After a few weeks of lovely toil, I finally finished my project for C2 Handcrafted Collections. This project was put on hiatus for so long—I took this project last year so that I can fund my wedding. As it turned out, what I thought would be just a two-month project ended up taking nine months to finish.
Well, that's not strictly true. It did not take nine months of work to finish. It actually only took three and a half weeks to finish. Rather, the project was shelved very often because I didn't have the capability to give what the client wanted last year, and when I did have the capability, I was already knee-deep in wedding preparations and an ill-advised 2nd stint in Storgedelphia. Let me explain.
Of course, the main drawback of that old school approach to creating websites was that, if the content needed to be updated or revised, the webmaster had to actually delve into the code again and make revisions there. I didn't even want to think about revising the look at that time—it was impossible and difficult to do and would mean that I would have to start from scratch; that is, if I was foolhardy enough to actually take the job of revising the site. I guess I was feeling foolhardy.
One thing about a web site for a small business in the Philippines is that prices change very often, and often very dramatically. It came to the point that having a web site for them was just an empty boast. We have a website! Yeah, right... even if the information in it is old and obsolete. Now, the proprietor of C2 tried to get my old boss to do the updating. Even if he had HTML experience (which was even more limited now than what I had years ago) or even if he had the time (which he didn't, since he was too busy doing the "network" thing), I mean, he wasn't stupid. It was difficult for the original designer, let alone somebody trying to understand my very old and unsemantic code. I had, thanks to my earlier training in programming back in college, made the code as structured and as "commented" as I can without making the HTML file too large. Still, updating the site means I would have to edit each and every one of the web pages. My ex-boss passed it on to me and I accepted it because I thought it was easy money and I was feeling creative.
That is, until I met my hitherto indirect client.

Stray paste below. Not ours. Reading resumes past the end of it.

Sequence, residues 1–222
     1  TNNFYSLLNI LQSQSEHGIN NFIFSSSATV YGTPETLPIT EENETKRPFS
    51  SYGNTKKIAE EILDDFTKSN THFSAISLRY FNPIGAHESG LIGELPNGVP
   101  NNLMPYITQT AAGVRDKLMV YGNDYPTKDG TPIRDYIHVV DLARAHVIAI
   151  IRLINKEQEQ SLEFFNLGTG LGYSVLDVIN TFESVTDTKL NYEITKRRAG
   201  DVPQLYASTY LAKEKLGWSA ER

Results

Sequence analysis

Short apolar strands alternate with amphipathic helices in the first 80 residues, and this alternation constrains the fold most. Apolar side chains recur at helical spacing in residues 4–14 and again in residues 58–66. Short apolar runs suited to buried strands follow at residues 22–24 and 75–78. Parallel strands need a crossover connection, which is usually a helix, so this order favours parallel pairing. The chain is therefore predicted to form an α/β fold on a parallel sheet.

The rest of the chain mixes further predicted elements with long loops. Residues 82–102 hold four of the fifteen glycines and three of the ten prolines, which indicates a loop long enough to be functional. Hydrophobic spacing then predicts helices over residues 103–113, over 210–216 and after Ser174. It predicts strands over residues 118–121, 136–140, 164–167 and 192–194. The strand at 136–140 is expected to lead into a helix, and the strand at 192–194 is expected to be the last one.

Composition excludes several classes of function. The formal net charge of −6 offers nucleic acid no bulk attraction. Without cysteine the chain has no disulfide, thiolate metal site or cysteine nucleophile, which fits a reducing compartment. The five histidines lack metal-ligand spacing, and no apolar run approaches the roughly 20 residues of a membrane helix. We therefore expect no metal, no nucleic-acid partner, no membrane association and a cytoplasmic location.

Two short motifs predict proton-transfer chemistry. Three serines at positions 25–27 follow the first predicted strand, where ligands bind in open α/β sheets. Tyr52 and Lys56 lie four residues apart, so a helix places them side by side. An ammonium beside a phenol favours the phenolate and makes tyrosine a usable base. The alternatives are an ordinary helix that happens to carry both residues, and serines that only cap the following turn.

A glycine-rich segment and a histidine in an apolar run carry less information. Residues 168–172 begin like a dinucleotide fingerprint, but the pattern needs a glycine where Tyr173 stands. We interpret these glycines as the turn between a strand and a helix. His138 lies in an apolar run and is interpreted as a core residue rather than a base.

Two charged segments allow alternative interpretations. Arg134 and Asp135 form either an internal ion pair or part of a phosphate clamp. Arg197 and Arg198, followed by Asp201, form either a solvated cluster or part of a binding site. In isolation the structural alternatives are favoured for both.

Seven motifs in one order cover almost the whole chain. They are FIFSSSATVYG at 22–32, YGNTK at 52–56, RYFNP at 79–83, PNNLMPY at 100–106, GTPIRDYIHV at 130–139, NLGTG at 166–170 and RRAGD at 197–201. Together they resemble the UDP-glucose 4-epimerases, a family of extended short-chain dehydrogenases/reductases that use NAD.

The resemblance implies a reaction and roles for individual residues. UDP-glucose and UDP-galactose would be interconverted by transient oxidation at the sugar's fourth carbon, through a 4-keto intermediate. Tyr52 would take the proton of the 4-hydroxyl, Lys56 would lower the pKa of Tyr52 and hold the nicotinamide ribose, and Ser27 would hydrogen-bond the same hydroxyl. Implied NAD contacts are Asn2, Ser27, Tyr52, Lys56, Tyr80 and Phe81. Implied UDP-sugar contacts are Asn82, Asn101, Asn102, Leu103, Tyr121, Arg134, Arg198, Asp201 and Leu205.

Though unschooled in the creation of web pages, or maybe because of it, she said that she wanted an easy way of updating the site without having to hire a webmaster to do it for her. What? I said. She thinks she can enter the info or edit/update the info herself? Inwardly I laughed and tried to "educate" her; but she was adamant about having that capability. And, oh... adding more pictures. It was with a sinking heart that I found that she was serious and that she expects to get what she wants.
... into nothingness. I can't find a free server, or a provider, or a host that will do it for me. I was also finding that learning PHP or Perl on your own is next to impossible if I have to work on other smaller, less ambitious jobs so that I can keep a roof over my head and food on my table. I can, of course, use frames, and the only type of text that she can edit are those that require the least amount of code, but that was a desperate move.
Finally, in all my researches, I came across these wonderful, very informative sites which have changed the way I look at creating sites: glish.com and A List Apart (or ALA for short). For the first time, I encountered elegant, speedy sites without all the Flash and glitz. It was there that I first truly learned the power of CSS—Cascading Style Sheets—for creating what I needed; actually, creating all of the web sites I would ever create. I also found that my knowledge was somewhat limited after all, and that most of my HTML is already obsolete or being phased out. Still, finding those sites was the first of some very important breakthroughs.